E-Levy Passage: How Minority Out-Thought Majority To Make Approval Unconstitutional
Tuesday’s supposed passage of the controversial Electronic Transfer Levy (E-Levy) by a one-sided Majority side was an illegality per the rules on voting in Parliament, the Minority has pointed out.
In the hung Parliament of 137 MPs apiece for the Majority New Patriotic Party (NPP) side and the Minority National Democratic Congress (NDC) side a required quorum for the vote would have been 138 MPs, the Minority has explained.
A quorum is the minimum number of MPs that must be available in parliament for a vote to legally carry and in the hung Parliament it is at least 138 MPs.
However, the NPP Majority was critically bereft of one MP, Sarah Adwoa Sarfo of Dome-Kwabenya, who continued with her crippling hiatus from Parliament.
And so, even with the independent MP for Fomena, Andrew Amoako Asiamah, voting along with the Majority, the NPP could not marshal the needed 138 MPs to form a quorum. However, the Majority side went ahead with the vote anyway.
The tactic that the crippled NPP Majority side was looking to put into effect to pass the thievish e-levy was quite a convoluted one that started from the Supreme Court where the Akufo-Addo government had secured an injunction against the NDC’s MP for Assin North, Hon. Gyekye Quayson.
It would be recalled that the Supreme Court had in its umpteenth controversial ruling that only favored the NPP Government of Akufo-Addo, upheld a controversial injunction against Hon. Quayson by a Cape Coast High Court which ruled that je had no right to present himself as MP because he had run for elections while bearing dual citizenship.
Because of the injunction, Hon. Quayson would have been acting illegally if he had entered Parliament to vote on the e-levy.
The NPP Majority’s hope was that in the NDC Minority’s passionate opposition to the e-levy and the controversial nature of the injunction against him, they would have allowed Hon. Gyekye Quayson to join them in Parliament to vote against the thievish levy.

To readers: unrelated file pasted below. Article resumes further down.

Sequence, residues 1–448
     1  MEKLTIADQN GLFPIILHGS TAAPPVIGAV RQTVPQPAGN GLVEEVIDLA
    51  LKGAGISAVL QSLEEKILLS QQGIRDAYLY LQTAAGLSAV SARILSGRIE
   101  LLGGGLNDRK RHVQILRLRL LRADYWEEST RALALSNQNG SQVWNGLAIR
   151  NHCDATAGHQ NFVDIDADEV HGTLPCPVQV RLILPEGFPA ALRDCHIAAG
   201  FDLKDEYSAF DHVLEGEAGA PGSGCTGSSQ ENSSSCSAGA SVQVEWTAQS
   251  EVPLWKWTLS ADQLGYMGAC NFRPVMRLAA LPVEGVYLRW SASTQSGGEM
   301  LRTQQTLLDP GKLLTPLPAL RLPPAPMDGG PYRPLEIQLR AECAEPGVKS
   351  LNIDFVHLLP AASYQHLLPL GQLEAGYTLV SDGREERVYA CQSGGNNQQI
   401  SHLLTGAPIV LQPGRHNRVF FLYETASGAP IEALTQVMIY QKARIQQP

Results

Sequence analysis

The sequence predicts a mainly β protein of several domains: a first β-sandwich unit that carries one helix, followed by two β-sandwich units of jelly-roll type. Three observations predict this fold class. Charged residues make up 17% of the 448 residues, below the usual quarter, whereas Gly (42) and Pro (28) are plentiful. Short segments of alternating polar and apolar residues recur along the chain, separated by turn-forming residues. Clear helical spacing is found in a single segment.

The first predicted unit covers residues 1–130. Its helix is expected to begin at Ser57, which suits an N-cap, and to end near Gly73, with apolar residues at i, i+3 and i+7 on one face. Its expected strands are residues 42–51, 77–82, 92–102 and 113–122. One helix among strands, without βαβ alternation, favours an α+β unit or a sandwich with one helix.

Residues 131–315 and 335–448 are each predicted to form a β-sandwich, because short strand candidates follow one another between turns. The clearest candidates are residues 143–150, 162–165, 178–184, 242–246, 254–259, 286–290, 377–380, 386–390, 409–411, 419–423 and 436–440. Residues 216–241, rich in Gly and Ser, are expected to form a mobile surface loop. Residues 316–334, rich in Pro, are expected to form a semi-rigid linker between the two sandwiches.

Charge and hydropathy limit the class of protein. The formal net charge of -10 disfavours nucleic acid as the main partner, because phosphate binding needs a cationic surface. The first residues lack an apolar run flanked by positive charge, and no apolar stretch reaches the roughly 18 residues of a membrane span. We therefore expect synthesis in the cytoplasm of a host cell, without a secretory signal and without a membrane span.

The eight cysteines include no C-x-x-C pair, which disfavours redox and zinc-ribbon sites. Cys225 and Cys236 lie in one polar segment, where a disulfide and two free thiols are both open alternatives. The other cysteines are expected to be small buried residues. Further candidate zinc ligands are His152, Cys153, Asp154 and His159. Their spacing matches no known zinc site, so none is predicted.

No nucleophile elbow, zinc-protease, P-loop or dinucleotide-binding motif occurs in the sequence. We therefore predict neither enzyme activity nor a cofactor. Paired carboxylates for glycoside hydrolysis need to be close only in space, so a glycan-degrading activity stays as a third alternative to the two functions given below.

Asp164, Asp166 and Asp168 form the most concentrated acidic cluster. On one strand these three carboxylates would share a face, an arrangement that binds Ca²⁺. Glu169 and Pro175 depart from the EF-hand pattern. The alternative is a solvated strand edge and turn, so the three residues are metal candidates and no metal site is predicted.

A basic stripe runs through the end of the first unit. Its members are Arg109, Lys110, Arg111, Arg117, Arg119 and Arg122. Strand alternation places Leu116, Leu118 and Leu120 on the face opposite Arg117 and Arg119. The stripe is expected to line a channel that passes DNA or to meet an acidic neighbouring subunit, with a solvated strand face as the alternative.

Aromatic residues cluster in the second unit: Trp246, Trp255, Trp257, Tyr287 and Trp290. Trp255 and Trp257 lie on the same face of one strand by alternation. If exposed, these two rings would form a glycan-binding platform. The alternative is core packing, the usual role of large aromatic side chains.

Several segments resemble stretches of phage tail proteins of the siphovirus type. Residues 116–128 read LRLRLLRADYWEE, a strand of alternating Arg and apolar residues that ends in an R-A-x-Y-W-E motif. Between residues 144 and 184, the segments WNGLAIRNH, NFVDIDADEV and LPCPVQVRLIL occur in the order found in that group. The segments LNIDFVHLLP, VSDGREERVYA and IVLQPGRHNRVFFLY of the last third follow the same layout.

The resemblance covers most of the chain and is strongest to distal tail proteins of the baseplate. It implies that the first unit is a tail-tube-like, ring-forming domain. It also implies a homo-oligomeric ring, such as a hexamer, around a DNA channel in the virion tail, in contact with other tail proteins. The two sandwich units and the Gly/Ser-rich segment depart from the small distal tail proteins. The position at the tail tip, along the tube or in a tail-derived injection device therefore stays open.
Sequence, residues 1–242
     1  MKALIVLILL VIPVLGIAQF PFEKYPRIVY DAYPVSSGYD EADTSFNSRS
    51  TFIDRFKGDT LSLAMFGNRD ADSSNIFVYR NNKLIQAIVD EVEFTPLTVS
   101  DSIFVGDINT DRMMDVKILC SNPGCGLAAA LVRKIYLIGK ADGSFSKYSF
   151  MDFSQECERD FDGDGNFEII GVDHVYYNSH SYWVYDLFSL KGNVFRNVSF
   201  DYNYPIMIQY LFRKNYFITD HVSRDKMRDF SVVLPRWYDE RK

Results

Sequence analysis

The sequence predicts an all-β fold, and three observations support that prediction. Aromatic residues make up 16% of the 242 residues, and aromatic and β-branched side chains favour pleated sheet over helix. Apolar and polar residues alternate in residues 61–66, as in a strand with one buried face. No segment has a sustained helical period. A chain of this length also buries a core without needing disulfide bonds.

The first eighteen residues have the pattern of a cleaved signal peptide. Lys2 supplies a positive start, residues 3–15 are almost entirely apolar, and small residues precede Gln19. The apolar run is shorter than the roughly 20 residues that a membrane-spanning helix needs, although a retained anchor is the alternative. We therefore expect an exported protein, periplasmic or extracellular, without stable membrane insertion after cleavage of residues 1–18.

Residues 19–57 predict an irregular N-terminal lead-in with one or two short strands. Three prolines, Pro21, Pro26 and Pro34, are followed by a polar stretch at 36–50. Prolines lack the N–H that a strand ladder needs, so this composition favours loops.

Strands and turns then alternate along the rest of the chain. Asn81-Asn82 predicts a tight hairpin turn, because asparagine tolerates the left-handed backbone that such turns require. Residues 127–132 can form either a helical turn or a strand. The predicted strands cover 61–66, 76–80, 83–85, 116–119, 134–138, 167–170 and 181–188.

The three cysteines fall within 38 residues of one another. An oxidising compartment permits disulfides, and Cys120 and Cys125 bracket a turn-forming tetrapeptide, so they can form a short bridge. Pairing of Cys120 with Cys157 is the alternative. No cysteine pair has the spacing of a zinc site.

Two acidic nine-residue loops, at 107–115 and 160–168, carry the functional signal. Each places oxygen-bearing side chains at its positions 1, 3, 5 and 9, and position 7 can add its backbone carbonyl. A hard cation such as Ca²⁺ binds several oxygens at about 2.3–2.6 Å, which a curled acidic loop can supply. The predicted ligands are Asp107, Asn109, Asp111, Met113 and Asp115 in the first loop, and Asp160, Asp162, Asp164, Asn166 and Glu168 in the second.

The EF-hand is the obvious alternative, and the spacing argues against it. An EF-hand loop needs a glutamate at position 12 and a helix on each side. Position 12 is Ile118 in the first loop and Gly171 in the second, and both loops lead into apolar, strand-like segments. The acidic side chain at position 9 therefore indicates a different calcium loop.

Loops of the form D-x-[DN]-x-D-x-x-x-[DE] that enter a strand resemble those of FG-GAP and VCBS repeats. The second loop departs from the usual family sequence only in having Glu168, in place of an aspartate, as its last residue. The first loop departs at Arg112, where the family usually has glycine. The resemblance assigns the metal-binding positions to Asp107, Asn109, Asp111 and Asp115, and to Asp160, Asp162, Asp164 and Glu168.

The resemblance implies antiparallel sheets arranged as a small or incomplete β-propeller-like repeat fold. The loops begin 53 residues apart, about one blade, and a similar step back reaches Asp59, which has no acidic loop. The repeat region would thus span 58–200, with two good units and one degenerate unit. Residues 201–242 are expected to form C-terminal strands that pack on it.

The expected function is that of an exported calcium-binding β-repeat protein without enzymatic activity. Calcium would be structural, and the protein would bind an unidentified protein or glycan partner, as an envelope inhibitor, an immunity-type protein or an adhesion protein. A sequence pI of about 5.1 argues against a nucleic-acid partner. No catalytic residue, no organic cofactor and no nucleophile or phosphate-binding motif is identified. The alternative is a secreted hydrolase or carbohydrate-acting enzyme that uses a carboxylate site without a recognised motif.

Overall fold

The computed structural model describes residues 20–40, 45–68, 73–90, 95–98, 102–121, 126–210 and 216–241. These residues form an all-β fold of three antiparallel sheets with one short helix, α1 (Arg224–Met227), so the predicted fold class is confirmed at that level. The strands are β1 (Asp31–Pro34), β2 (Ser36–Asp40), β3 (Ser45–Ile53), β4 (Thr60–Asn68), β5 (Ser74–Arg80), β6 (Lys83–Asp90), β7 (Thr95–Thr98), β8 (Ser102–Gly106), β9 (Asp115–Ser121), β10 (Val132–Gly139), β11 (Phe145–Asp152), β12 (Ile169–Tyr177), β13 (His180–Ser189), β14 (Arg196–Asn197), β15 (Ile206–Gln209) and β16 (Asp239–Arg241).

If the Minority had done that, the Majority would have then run to the Supreme Court which is super friendly to the NPP Government and filed a case of contempt against Hon. Gyekye Quayson and gotten his vote nullified by the court.
This would have then meant that in the e-levy vote, 136 Majority MPs together with Fomena’s independent MP, voted in favor of the levy while 136 of the 137 votes cast by the Minority MPs was legal.
By this technicality, the e-levy would have been duly passed.
However, the Minority MPs were smarter – led by Minority Leader, Haruna Iddrissu, they boycotted the vote leaving only 136 Majority MPs and the independent candidate to vote.
This meant that, the at least 138 MPs that they need to form a quorum to vote was not available.
Even so, they massively voted for the thievish levy which gives government the right to enter into people’s mobile wallets and bank accounts to deduct money immediately they transfer money.
But then, the constitutional implication is that the supposed passage of the e-levy was by a Parliament that could not form the quorum of at least 138 MPs as required by article 104(1) of the 1992 constitution.
The Minority MPs decision to walk out of Parliament during the vote therefore was a masterstroke that made it impossible to form a quorum.
And so, after the supposed passage of the e-levy Bill into law, the Minority has been indicating intent to challenge it in court.
Already, Minority Leader, Haruna Iddrisu, has called the supposed passage a charade.
“The Majority of less than 137 conducting businesses only proceeded on illegal and unconstitutional business. Parliament did not have the numbers to take any decision that should be binding Parliament and Ghanaians,” the Minority Leader said.
Hon. Idrissu, together with two of his lieutenants – North Tongu MP, Samuel Okudzeto Ablakwa and BAWKU Central MP, Mahama Ayariga, have filed for a stay of execution at the Supreme Court to prevent President Akufo-Addo from assenting the law.